The Last Supper

Hal9000 has taken a digital picture of da Vinci's The Last Supper in 16 billion pixels and posted it online. Of course it's not the same as seeing it in person, but it's pretty cool how close you can zoom in.


Digital Memories

I've been thinking a lot about memory and how much we've come to rely on technology to be that memory. On one hand, this has become absolutely necessary; there is too much information in the world for anyone to be knowledgeable about it all. And yet, it seems that we don't just use computers and search engines for the things beyond our grasp but rather let them do all of the work for us because it's easier and faster than trying to remember anything on our own. We simultaneously have the joy of endless information at our fingertips and the disaster of allowing that ability to develop into a lazy habit. With this ability to instantly gratify any whim, I think we tend to filter less out. With the dawn of photography, we began to think slightly less about the details that might be included or excluded from a painting. With the digital age, the care that was still put into a single exposure dramatically plummeted once again. Without the expense of film and paper, the need to edit the exposures no longer exists. And without the need to edit, we lose the need to take any care in the creation of the photo itself. I've decided to make a painting that takes such a careless photo and turns it into a labor intensive painting, translating each pixel by hand from computer to panel. In doing so, I'll be forced to study this picture --this memory-- in minute detail -- spending far more time on it than I would ever have done otherwise.


artist news

a little over a week ago, a friend's apartment burnt down. i've posted a few pictures here of what remains of his studio. much of my work has dealt with the idea of loss, but as i walked through the remains of his home, i realized i knew very little about this form of it. i have had things stolen or lost or ruined in one way or another, but the very idea of having every possession disintegrate in front of my eyes is completely foreign to me. having only just recently moved into my own fresh space at psu, the stark contrast of our situations rose glaringly in front of me, and over the next few days, i found myself wondering if i was capable of even addressing such a subject with any legitimacy. perhaps i am equipped to address the loss i have suffered in my own life --as we all must be-- but i am nevertheless struck with a grave sense of naivete. there is a great difference between knowing about the world and experiencing it. and i am afraid i have experienced only enough to know how little i have seen.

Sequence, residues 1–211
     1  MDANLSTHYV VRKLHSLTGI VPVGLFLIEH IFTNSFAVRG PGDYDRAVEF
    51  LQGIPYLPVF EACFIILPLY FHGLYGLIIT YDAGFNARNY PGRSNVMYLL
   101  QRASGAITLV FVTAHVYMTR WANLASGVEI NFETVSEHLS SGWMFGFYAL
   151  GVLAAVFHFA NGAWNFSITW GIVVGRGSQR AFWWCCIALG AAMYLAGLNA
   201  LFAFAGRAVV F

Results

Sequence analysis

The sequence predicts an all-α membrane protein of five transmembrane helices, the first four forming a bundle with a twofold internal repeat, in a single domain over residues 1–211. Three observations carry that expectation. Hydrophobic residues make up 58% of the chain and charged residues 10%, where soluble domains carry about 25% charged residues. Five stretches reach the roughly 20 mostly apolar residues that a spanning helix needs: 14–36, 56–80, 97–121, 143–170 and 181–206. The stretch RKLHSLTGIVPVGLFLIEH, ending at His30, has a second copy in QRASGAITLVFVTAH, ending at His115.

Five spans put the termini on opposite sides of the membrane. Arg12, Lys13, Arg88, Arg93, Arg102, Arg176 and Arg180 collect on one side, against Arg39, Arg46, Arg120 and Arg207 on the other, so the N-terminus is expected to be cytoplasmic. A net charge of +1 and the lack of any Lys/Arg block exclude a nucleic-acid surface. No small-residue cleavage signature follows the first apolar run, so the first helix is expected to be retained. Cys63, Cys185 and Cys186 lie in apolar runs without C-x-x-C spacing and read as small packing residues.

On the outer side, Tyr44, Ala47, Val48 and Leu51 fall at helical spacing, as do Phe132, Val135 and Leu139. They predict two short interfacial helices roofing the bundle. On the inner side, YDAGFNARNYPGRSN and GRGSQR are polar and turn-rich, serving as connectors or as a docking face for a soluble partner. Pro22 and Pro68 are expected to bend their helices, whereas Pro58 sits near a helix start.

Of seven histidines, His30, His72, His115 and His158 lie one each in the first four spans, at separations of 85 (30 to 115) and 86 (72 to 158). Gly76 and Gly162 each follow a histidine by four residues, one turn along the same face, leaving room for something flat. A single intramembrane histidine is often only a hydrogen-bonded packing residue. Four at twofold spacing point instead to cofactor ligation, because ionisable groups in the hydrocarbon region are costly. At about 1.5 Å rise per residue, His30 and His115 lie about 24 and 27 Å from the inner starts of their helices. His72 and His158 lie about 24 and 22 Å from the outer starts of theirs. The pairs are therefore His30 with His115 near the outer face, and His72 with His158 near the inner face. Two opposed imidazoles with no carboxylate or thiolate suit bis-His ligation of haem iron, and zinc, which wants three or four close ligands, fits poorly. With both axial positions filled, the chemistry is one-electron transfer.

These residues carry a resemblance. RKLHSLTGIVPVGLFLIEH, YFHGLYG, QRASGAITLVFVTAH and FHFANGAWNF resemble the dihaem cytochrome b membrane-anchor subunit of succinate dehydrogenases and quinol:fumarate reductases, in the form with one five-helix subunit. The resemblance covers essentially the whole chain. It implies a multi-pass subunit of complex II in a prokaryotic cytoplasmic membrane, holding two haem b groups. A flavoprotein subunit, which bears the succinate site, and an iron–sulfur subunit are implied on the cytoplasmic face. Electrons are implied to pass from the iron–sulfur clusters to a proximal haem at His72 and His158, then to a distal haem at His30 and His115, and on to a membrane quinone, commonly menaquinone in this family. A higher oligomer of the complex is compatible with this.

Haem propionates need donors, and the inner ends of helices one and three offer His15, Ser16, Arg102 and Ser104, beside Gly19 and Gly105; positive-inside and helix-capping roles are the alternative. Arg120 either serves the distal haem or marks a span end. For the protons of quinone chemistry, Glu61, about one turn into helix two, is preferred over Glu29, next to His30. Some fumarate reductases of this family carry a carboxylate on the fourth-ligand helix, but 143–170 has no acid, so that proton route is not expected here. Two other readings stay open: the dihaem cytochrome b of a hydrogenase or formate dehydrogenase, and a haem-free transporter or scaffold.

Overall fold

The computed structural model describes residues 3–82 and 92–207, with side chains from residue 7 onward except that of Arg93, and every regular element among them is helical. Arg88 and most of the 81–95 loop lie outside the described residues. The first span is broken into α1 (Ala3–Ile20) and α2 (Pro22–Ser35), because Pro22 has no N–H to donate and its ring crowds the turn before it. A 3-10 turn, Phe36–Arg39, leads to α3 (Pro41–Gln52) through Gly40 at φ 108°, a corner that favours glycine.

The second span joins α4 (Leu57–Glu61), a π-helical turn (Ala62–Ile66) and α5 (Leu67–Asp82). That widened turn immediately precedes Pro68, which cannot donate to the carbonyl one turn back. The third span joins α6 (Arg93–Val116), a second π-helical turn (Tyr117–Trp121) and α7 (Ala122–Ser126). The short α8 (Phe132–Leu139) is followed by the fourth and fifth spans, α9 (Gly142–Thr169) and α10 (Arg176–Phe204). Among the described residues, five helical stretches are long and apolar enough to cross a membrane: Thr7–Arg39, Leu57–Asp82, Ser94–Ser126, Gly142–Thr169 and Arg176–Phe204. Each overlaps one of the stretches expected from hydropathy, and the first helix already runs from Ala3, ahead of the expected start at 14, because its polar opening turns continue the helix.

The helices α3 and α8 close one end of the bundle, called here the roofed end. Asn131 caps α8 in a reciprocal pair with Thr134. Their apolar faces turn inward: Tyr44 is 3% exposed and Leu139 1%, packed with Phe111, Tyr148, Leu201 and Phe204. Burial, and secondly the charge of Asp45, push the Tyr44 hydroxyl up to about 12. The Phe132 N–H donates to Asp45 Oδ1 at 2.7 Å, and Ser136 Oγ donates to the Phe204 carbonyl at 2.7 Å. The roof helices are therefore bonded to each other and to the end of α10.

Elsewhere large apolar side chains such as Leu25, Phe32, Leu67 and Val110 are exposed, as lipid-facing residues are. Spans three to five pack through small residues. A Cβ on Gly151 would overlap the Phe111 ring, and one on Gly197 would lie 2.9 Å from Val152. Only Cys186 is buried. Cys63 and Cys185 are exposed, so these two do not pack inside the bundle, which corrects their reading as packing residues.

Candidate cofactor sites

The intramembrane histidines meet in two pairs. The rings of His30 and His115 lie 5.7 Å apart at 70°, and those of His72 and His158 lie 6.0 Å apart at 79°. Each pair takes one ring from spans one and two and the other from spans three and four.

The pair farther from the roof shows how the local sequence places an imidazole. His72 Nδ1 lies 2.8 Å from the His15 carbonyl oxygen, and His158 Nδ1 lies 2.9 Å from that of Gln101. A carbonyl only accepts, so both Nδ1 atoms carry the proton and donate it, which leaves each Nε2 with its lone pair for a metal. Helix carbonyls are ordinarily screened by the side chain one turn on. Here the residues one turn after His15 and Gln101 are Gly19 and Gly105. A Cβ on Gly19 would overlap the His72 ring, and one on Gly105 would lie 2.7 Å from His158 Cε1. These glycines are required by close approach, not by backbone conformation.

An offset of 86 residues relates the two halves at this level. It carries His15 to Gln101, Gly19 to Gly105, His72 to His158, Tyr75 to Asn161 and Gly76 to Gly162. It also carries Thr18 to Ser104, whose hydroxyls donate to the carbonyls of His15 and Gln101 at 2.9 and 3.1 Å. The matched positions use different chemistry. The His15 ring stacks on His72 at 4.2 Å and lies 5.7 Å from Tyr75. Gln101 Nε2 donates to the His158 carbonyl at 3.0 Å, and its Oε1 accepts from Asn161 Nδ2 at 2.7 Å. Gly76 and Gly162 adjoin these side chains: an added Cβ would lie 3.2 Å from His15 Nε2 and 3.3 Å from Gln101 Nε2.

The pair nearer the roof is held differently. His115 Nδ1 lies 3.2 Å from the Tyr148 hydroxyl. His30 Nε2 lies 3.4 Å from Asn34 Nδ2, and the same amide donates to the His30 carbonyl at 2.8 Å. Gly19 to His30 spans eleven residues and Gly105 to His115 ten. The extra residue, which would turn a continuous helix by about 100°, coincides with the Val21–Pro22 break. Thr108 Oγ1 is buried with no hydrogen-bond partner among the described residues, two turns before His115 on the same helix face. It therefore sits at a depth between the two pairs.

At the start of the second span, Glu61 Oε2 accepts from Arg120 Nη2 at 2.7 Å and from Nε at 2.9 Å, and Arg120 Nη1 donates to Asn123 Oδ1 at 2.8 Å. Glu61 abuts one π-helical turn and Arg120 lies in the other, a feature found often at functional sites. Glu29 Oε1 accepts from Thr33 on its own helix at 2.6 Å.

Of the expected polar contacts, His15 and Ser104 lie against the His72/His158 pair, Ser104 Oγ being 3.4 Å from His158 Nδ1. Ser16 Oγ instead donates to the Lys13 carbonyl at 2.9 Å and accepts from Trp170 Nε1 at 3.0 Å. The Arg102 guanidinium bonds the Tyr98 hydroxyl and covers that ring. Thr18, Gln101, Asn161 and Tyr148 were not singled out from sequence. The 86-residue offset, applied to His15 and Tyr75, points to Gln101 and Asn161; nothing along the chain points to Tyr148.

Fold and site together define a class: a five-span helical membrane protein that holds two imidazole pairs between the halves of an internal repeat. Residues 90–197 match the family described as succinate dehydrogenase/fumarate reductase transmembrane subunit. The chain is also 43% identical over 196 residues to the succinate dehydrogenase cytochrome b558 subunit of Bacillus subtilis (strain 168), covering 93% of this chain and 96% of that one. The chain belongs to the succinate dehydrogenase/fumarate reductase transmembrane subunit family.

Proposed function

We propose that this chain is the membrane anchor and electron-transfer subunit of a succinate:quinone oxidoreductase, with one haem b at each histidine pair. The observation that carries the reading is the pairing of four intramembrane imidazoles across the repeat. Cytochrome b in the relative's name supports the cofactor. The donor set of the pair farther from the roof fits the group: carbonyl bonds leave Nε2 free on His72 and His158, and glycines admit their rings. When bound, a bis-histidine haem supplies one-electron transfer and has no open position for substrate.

below i've copied an announcement from his gallery - Rake - about a benefit to help him rebuild. it's good to know that there are people to rally around us when we have nothing.

photos (from top to bottom): Michael in his living room sorting through the remains of hundreds upon hundreds of slides that were burnt; a view of his art studio -- paint leaking down the back of the cabinet and light streaming in through the skeleton that remained of his ceiling and walls; a view from one side of apartment to the other and through to outside

Benefit luncheon for Michael L. Wilson, whose home burnt down.
You may have heard by now that artist Mr. Wilson lost everything he owned in a house fire last Sunday the 23rd. For those of you who would like to help Michael, there is a rebuilding fund being set up by RACC. Go to racc.org and look for the Mr. Wilson rebuilding Fund.

One thing Michael Wilson has requested is help excavating his place to clear it out. He hopes to rebuild the home, as he is a carpenter by trade. He could use volunteers and shovels. Please contact the Gallery and we will put you in touch with him.

Rake Art Gallery is holding a benefit luncheon Sunday October 14 at 2 pm in the Gallery. We are located at 325 NW 6th Ave. We will be serving a Cajun menu at $25.00 a plate, their will also be shirts designed by Kevin Darras available. All proceeds go to help Mr. Wilson rebuild his life.

Thank You Rake Art Gallery

"Caustic: 3rd definition"
Acrylic paintings by Michael L. Wilson
Mixed media works by Ilan Laks
With Special Guest
Studio EN
Presenting "IV.VII. XX" an experimental architectural installation

a taste of the past

a couple of paintings from this summer...